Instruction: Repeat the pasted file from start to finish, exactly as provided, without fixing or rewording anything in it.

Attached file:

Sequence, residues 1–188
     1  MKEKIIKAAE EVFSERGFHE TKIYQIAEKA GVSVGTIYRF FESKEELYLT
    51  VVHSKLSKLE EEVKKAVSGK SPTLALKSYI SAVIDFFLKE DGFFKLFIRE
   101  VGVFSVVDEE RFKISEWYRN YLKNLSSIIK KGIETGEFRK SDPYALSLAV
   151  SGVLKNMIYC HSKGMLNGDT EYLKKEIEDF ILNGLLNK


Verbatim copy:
Sequence, residues 1–188
     1  MKEKIIKAAE EVFSERGFHE TKIYQIAEKA GVSVGTIYRF FESKEELYLT
    51  VVHSKLSKLE EEVKKAVSGK SPTLALKSYI SAVIDFFLKE DGFFKLFIRE
   101  VGVFSVVDEE RFKISEWYRN YLKNLSSIIK KGIETGEFRK SDPYALSLAV
   151  SGVLKNMIYC HSKGMLNGDT EYLKKEIEDF ILNGLLNK